This network of clientelism explains why all the above opposition and resistance movements failed. Indeed, in the internal clientelist network, the masses (peasants, workers, unemployed, and students) were the "outsiders," who could be and were easily repressed thanks to the support accorded Mobutu and the patrons by their clients and foreign powers. Although Mobutu and the patrons depended on the political support of the clients, in a situation of scarcity in which Mobutu controlled almost all economic resources, including crude wealth (gold, diamonds, and cobalt), the clients depended more on Mobutu and the patrons than the latter depended on the clients. As a result, whenever the clients attempted to withdraw their support (e.g. the above mentioned defections of his ministers and aides), they became easily vulnerable to economic and material hardship wherever they lived. Aware of this dependence, Mobutu easily took advantage of them. Because clients were kept in an insecure position, they used their ethnic or other backgrounds to denounce each other, which explains the purge and the "discovery" of plots in the army and the dismissal and counterdismissals of many of the clients. Yet, as disfavored clients attempted to form an opposition, Mobutu easily coopted them back by providing them with material resources often via ministerial appointments through which they could enrich themselves. One understands, then, why all the aforementioned officials, who fled, came back to support Mobutu, and why such a high level of manipulation of economic resources deeply impoverished the country. Once they reintegrated the clientelist network, and being fully aware of the hardships suffered during the "opposition" time, the clients became even more pliant to Mobutu's wishes. Under the circumstances, no genuine opposition was possible since the temporary absence only allowed the clients to wait for reintegration in the circuit. The 1990-96 "democratic" stalemate, including the defection of former UDPS members and the formation of a plethora of "parties," reflects perfectly this situation. The end result was the strengthening of the Mobutu regime.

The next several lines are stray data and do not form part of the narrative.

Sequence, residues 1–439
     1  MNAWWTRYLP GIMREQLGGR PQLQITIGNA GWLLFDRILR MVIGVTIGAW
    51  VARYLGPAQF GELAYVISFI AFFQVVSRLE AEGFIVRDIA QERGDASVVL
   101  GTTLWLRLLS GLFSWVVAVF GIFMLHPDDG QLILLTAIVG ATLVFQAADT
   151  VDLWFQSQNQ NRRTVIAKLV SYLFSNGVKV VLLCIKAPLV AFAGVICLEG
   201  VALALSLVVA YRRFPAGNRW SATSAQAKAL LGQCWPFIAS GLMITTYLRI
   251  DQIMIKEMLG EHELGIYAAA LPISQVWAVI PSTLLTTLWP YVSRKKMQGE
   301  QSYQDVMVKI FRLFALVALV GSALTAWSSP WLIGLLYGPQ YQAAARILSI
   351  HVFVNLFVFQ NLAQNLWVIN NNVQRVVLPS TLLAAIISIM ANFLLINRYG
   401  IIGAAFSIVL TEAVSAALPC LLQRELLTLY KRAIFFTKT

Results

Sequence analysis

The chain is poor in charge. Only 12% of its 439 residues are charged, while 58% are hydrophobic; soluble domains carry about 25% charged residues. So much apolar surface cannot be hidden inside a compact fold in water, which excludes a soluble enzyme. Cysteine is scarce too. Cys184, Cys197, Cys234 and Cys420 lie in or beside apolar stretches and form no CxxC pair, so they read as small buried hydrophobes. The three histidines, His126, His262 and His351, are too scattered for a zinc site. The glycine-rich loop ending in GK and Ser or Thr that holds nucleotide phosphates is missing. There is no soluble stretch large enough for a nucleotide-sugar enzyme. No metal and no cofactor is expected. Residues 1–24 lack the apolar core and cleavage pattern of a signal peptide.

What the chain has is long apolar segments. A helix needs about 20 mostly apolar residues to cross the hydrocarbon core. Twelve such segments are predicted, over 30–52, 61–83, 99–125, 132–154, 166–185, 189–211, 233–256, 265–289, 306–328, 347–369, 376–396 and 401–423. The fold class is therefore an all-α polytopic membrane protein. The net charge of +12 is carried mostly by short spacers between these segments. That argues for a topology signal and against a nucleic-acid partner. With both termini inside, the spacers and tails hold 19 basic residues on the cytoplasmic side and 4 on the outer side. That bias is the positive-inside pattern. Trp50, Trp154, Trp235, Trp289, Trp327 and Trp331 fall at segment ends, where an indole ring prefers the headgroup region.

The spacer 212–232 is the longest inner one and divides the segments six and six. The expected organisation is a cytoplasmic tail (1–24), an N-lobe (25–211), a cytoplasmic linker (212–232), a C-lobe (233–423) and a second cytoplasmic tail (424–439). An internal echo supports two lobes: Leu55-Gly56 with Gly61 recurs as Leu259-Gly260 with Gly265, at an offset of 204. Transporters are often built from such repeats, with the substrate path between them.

This means that the Mobutu regime could not be changed or overthrown by the type of Kinshasa-based opposition described above. Only a military frontal attack of great magnitude, in a changed international context, could accomplish such a goal. Kabila and AFDL provided the means for such an attack, and they have succeeded. Should they rule the country or not? To better answer the question, let us examine the three possible power-holding scenarios.
Scenario 1. Hold Elections Immmediately after the Military Victory
Holding elections, even without Mobutu involved, means in effect holding elections under the Mobutu regime without Mobutu, by simply adding the Kabila Alliance to the already existing myriad of political parties . Indeed, the Mobutu regime, built for the last thirty two years, and based as it is on a network of clientelism, cannot be dismantled by the sheer fact that Mobutu himself is out of power. Mobutu may be out, but the patrons of the clientelist network are still present, so are all the clients. Recall that Kengo, who has fled to Switzerland, has maintained that he expects to go back to Zaire to run when elections are held. Although the Kinshasa-based "radical opposition" may maintain its relatively anti-Mobutu stand during such elections, pro-Mobutu parties will run on their Mobutist platform. It is almost a sure guarantee that the clientelist logic that prevailed under Mobutu, which has deeply structured the behavior of both pro-Mobutu parties and the "radical opposition" will lead, if not to extremely violent and rigged elections, at the very least to a stalemate of the kind that has been experienced since 1990. This situation is even more likely when the Kabila Alliance is added in the mix. Indeed, once faced with the fundamentally anti-Kinshasa reformist platform of AFDL, the Kinshasa-based opposition (pro-Mobutu and "radical opposition" alike) will close ranks against Kabila by relying on their shared clientelist roots and experiences (note that most of the "radical opposition" members were part of the clientelist network from which they benefited immensely). This common front against Kabila is already in the making when one remembers that the current "transition parliament" has requested, as a way of countering Kabila, the reinstatement of Monsengwo, the former speaker, who was repudiated because of his complicity with Mobutu. If cornered, AFDL is likely to retaliate militarily with severe consequences. In either case, immediate elections lead to a dead end. Within the entrenched Mobutist clientelist logic, partisan and electoralist politics are inconsitent with and deadly for transition politics.